[Marxism] RE: Interview with Paul Buhle

Tony Abdo gojack10 at hotmail.com
Tue Mar 9 15:20:57 MST 2004


I found the exchange below to be particularly interesting.     In my 
experience, the religious divide of radicalism in the US has been perhaps 
the greatest impediment to marxist recruitment.    Buhle's response to the 
question highlights his respect for Christian radicalism; a respect that has 
been sorely missing within most of the marxist movement as a whole, as welll 
as within specifically the US marxist movement.     A little less overt 
hostility towards Christianity within the US socialist world would have gone 
a long way into helping to broaden the socialist movement out of its current 
narrow confines.

Experience has shown, that one of the greatest barriers to recruiting people 
to marxist socialsim in the US, is the perceived (and very real) prejudice 
and hostility of the atheistic marxist majority of comrades to the 
religiousity of possible new recruits.    In short, people feel that to 
become a marxist, they must first become an atheist, otherwise they will not 
be welcome as member of any marxist organization.     Especially in the 
South of the US, this is an immense self-inflicted obstacle that American 
marxism has thoughlessly created for itself through its myopic attitudes 
about what marxism should be about.     In short, marxism has tended to 
overly exagerate its supposed rationalism and scientific foundation at the 
expense of thoroughly impeding, for many, recruitment on their emotional 
level.

This religious divide promoted by the  marxist movement itself, has given 
the Right a powerful weapon to encourage American rejection of any 
consideration of marxism as having any validity.    The title of that Right 
Wing classic, 'The God That Failed', really would have been more accurately 
titled... The Atheism That Failed.    That's really how Americans have read 
the content, for within the deepest part of their hearts, many see marxism 
as an atheism that functions as a false religion, as compared to 'Christ's 
love' and the Christian religion.    And Americans have favored religion, as 
opposed to atheism.

Latin American marxists as a whole, not having had so much this recent 
immigrant influence of European refugees that the US did, wisely were able 
to constrain SOMEWHAT the  creation of such an atheist/ Christian barrier to 
socialist recruitment.     US marxists, too, should be more sympatheitc to 
those that want a more spiritual world socialist movement, one that is more 
open to comrades retaining some aspects of their religion without 
condemnation or ridicule.    After all, without some 'spirituality' within 
the marxist movement, the masses will not feel welcome to oppose capitalism 
within the ranks of a marxist-led, or even a Green or anarchist-led, Left.

Tony Abdo
~~~~~~~~~~~~~~~~~~~~~~~~~~~~~~~~~~~~~~~~~~~~~~~~~~~~~~~~~~
Question from interviewer....
In that same book, you also posed the question (referring to Marxism): "Can 
a theoretical system historically rooted in response to Victorian capitalism 
hope to come to grips with the challenges of 2000?" This is a complicated 
question, and we can broaden it and ask (which you do in your book) about 
the complicated relationship between Marxism and American radicalism 
throughout history. At the time that Marxism made its entrance on to the 
American scene in the late 19th century, it was indeed a European import,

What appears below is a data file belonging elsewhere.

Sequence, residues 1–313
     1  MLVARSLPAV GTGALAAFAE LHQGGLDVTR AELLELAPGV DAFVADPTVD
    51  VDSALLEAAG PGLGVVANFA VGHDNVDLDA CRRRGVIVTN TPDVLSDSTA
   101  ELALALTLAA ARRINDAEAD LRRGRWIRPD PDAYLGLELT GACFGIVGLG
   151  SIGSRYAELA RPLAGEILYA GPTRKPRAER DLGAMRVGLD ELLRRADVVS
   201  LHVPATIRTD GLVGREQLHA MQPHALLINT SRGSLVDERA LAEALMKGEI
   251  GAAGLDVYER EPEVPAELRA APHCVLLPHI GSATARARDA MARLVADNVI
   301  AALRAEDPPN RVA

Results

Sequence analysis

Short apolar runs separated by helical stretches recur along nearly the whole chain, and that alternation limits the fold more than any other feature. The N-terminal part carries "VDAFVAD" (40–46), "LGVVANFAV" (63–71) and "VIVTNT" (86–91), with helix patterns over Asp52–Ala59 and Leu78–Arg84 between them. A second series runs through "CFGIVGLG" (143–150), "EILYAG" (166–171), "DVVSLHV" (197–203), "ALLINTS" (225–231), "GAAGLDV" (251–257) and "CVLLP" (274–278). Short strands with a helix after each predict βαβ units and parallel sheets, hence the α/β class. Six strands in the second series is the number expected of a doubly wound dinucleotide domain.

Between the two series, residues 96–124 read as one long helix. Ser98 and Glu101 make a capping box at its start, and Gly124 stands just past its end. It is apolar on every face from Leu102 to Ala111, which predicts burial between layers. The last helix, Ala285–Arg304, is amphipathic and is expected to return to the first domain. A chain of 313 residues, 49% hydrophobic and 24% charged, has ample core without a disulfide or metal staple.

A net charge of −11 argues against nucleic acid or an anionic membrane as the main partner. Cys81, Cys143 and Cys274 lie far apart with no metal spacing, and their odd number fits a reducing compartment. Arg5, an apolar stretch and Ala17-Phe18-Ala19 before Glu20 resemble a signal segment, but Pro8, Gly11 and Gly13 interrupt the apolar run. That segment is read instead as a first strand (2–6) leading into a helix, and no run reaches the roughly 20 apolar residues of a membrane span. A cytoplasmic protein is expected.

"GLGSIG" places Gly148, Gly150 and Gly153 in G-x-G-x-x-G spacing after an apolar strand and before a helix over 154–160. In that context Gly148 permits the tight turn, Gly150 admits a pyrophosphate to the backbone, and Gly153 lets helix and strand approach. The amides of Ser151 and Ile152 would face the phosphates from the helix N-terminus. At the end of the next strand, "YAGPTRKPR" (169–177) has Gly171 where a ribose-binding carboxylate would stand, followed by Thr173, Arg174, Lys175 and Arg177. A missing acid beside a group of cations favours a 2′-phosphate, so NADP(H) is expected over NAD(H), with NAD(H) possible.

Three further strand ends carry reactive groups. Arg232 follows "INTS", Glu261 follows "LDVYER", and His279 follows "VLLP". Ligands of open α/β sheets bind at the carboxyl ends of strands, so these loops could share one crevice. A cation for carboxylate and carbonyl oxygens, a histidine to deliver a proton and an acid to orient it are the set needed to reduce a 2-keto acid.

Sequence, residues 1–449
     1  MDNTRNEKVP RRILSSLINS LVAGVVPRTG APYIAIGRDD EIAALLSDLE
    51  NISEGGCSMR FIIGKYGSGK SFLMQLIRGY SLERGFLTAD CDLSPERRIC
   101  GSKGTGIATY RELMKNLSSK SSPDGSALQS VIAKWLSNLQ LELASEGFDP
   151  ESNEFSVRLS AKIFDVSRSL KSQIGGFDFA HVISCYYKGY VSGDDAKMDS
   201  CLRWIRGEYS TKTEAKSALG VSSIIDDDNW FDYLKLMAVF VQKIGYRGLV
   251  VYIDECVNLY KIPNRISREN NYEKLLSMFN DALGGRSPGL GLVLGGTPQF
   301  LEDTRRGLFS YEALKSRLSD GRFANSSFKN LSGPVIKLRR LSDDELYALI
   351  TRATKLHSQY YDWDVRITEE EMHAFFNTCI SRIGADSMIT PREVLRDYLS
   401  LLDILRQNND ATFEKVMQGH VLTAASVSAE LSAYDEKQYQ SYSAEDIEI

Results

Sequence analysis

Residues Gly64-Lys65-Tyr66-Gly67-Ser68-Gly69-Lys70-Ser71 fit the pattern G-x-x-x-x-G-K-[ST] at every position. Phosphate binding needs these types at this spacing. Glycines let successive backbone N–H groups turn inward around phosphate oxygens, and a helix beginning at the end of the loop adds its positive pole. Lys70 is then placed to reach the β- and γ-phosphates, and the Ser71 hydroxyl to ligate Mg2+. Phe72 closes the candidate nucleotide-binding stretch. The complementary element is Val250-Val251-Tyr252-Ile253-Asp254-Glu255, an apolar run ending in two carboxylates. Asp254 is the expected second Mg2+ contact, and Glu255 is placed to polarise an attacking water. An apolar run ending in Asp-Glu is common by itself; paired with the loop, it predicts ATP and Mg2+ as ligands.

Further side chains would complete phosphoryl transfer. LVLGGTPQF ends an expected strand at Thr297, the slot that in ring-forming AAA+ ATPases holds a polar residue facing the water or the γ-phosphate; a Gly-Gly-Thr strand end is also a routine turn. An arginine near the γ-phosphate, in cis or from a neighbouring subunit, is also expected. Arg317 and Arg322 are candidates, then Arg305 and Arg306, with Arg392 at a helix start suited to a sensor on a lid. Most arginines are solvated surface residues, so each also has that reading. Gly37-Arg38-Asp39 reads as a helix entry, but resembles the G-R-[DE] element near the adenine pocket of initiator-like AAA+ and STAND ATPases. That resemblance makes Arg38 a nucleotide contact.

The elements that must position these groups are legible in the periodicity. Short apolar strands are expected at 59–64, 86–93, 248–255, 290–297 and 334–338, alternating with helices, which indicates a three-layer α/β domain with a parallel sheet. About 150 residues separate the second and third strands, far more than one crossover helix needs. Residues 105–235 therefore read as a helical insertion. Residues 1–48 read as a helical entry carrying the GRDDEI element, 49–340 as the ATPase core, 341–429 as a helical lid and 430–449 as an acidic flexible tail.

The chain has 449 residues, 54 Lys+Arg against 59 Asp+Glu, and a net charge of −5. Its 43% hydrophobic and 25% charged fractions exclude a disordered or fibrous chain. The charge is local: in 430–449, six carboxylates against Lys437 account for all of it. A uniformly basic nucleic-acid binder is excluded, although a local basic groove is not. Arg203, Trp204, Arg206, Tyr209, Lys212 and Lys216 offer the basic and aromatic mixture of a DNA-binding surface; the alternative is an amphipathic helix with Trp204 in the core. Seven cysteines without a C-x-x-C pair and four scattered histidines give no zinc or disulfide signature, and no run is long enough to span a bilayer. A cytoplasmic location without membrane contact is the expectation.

with European immigrants as its strongest and most orthodox adherents. This 
is obviously not to say that the basic recognitions of Marxism-the class 
struggle, exploitation, etc.-weren't grasped by the native born population, 
but that they were understood within a different cultural framework, which 
you sometimes refer to as our "common democratic sensibility". This 
"sensibility" arose from an entirely different radical tradition than that 
which Marxism emerged from; as you observed, "Native born Americans saw 
class and socialism in democratic terms", where as it was the opposite with 
most radical immigrants. Much more amorphous and less class-oriented and 
class-conscious, homegrown radicalism nevertheless carried with it as 
central the "ethical imperative of socialism", as you call it. All this 
being said, what do you see as the main tensions between Marxism and 
"homegrown" American radicalism?

Buhle's response...
This is not quite right, and perhaps I have put it a bit imprecisely, 
because the obvious racial dimensions have always added another, related 
angle to the issues involved. For a long time, Christian Socialists made the 
best anti-racists, and their role has returned intermittently, sometimes 
from the heights of the National Council of Churches (or, in hemispheric 
terms especially, from Orbis Press, and the political arms of the Maryknoll 
Fathers). African American participation in leftwing political movements has 
practically always had roots in the Black church. Pacifism, related to these 
matters-interconnected with Empire-and going beyond them somewhat to global 
war and peace, is likewise an ethical, philosophical position with roots 
homegrown. Immigrant Marxists, their own backgrounds in free thought 
societies, had enormous conceptual difficulty valuing with anything 
religious. Where Euro-radicalism persisted over generations-especially among 
Jewish Americans-the strains of religious radicalism were (and are) thin 
compared to politically conservative trends.

I like to say, playfully, that the gentiles need socialist religious 
doctrines while Jews are free to be as atheistic as they want. But "atheism" 
has never had the strength of radical "spiritualism," the evocation of 
nature and of human possibility that was never absent from Jewish secular 
socialism either.

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